California’s new Consumer Privacy Act gives consumers the nation’s strongest protections for their personal data, backers contend.
But business interests, including the California Chamber of Commerce, and tech associations call the law a “serious threat to the economy” that will result in a barrage of class-action lawsuits without providing benefits to consumers.
“It does everything the initiative would have done. I have essentially no complaints.” — Alastair Mactaggart
The new law, which was approved by Gov. Jerry Brown in June and goes into effect in 2020, gives consumers the right to access their personal information collected by big businesses. It gives them the right to delete it, the right to know what information is being sold and the right to stop businesses from selling their information. It also prohibits businesses from selling the personal information of youth under 16 unless they opt in.
The law was approved at the eleventh hour to stop a similar initiative from going to voters in November. The California Chamber of Commerce said it preferred the law to the initiative because it could be amended through the legislative process, while an initiative would be difficult to change.
Alastair Mactaggart, the San Francisco housing developer who spearheaded the initiative, said he is pleased with the law. “It does everything the initiative would have done,” he said. “I have essentially no complaints.”
He denied that the new law will prompt a flood of lawsuits, and he said businesses should be easily able to comply with its requirements.
The law only applies to businesses that meet at least one of three criteria: generate annual gross revenues of $25 million or more, collect the personal information of at least 50,000 consumers or derive 50 percent or more of their annual revenue from selling consumers’ personal information.
“If people just understood how much we knew about them, they’d be really worried.” — Google engineer
Those businesses must provide a link on their internet homepages that is clear and conspicuous titled “Do Not Sell My Personal Information.” They must wait at least 12 months to ask consumers who choose that option to authorize the sale of their personal information.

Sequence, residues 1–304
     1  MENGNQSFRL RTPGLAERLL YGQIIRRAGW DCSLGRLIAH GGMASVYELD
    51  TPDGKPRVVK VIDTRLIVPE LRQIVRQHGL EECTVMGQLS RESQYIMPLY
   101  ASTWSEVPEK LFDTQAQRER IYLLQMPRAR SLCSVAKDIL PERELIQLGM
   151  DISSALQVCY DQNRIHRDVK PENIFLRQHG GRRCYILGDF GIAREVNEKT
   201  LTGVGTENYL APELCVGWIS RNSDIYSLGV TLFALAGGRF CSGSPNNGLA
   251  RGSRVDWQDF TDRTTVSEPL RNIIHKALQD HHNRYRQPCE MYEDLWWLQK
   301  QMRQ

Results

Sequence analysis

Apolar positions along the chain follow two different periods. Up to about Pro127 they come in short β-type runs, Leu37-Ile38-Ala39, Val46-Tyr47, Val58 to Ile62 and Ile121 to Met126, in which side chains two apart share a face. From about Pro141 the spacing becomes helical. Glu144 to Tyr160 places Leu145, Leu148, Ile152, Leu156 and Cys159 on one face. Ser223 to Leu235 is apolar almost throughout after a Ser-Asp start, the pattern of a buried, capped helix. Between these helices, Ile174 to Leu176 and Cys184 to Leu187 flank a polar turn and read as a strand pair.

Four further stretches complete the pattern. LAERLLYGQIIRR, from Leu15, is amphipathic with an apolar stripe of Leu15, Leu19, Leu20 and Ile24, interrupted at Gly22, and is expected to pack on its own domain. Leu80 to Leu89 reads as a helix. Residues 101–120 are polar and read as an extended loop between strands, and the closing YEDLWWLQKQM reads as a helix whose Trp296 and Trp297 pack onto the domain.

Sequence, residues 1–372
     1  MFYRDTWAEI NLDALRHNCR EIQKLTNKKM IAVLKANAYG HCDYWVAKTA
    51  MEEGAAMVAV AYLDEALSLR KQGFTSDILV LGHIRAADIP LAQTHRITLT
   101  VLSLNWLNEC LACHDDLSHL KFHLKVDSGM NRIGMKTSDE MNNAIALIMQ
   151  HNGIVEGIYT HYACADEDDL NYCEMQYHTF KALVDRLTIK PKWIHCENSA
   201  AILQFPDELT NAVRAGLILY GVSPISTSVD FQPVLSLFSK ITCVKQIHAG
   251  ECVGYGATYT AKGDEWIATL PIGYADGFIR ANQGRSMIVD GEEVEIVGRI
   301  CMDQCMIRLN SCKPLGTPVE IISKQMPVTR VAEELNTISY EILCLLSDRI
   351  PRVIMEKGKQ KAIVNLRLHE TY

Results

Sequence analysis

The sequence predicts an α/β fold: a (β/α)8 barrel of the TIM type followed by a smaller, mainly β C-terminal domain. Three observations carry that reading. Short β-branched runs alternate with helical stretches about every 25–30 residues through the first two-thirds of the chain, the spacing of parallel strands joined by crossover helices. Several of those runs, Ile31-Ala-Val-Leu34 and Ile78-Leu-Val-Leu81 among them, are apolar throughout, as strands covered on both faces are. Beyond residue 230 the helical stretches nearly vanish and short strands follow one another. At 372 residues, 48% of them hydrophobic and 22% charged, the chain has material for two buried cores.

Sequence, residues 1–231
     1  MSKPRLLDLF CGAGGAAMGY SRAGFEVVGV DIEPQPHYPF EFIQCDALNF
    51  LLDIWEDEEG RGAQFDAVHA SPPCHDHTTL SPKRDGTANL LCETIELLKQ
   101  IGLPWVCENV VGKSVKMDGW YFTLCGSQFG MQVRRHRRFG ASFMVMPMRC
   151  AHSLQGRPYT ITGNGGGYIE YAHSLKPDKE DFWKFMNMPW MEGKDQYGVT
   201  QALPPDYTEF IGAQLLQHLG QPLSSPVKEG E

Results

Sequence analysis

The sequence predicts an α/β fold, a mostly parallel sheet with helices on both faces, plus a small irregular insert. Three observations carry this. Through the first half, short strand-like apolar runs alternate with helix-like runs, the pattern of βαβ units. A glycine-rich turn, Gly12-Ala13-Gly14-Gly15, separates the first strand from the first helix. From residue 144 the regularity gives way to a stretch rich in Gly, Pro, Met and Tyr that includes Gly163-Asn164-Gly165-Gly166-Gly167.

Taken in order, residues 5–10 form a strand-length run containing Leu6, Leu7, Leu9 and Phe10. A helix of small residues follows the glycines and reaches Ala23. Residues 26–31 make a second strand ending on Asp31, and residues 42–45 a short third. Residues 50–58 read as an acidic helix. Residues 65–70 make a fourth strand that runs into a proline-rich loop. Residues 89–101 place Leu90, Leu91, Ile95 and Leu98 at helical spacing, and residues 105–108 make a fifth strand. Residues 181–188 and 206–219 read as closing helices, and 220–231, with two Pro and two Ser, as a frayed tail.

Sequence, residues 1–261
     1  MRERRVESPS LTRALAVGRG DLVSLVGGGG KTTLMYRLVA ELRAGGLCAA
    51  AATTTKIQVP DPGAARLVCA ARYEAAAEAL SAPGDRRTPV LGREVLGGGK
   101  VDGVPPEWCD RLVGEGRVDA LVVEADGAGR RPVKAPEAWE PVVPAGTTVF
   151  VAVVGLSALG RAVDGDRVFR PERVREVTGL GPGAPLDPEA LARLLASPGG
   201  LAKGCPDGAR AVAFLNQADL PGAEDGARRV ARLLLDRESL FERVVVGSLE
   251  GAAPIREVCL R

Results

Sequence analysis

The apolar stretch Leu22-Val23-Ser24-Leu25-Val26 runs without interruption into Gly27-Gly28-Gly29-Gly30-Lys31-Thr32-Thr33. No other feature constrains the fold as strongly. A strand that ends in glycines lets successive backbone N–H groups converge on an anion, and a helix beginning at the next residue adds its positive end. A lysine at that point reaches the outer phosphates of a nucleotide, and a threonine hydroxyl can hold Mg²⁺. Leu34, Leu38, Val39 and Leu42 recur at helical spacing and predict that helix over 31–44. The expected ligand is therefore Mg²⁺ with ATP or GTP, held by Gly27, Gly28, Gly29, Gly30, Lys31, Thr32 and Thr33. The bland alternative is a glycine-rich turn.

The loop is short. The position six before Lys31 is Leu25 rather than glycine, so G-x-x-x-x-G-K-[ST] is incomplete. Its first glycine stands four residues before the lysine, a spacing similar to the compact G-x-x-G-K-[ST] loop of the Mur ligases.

The businesses may offer financial incentives to consumers to collect their information, and they may charge higher prices to those who opt out of having their information sold if the cost is directly related to the value of the consumers’ data.
Mactaggart believes that if businesses do try to charge higher prices to consumers who don’t want their data sold, they will find a revolt on their hands.
The developer became interested in consumer privacy a few years ago when he asked an engineer working for Google how much people should be worried about the use of their personal data.
“His reply was chilling: ‘If people just understood how much we knew about them, they’d be really worried,’” Mactaggart wrote on the initiative’s website.
The situation now is that businesses know how many children you have, what church you attend, what purchasing habits you have and much more. “It’s almost like having a surveillance camera over your shoulder 24/7,” said Assemblyman Ed Chau, D-Monterey, who co-authored the law.
“All of the sudden, the issue of privacy became front and center.” — Ed Chau
The law gives consumers the right to sue businesses for data breaches only. The state attorney general will enforce other provisions of the law.
Chau said he took up the issue because he has always believed consumers should be given control over their own data. He started to work on a privacy bill but faced strong opposition from AT&T, Comcast, Verizon and other companies. The tide turned in March after news broke about how Cambridge Analytica, a political firm hired by President Trump’s campaign, wrongly gained access to private information of tens of millions of Facebook users.
“All of the sudden, the issue of privacy became front and center,” Chau said.
Mactaggart said the new statute is the first time where a violation of privacy is considered a harm in the law. In the past, he said people who had privacy violations had to prove their damages and show, as an example, that the loss of their data from Equifax, caused certain damages. “It was impossible,” he said. “No one ever did.”
With this new law, the violation is the harm. “It’s like a speeding ticket,” he said. “It doesn’t matter why you were doing it. You’re speeding. No excuses. That’s what it’s going to be like here.”
At the same time, Mactaggart said that he knows the law will face a fight. “I am a realist,” he said. “I understand tech’s job is to weaken the heck out of this all next year. Our job is to mobilize forces to make sure they don’t weaken it too much.”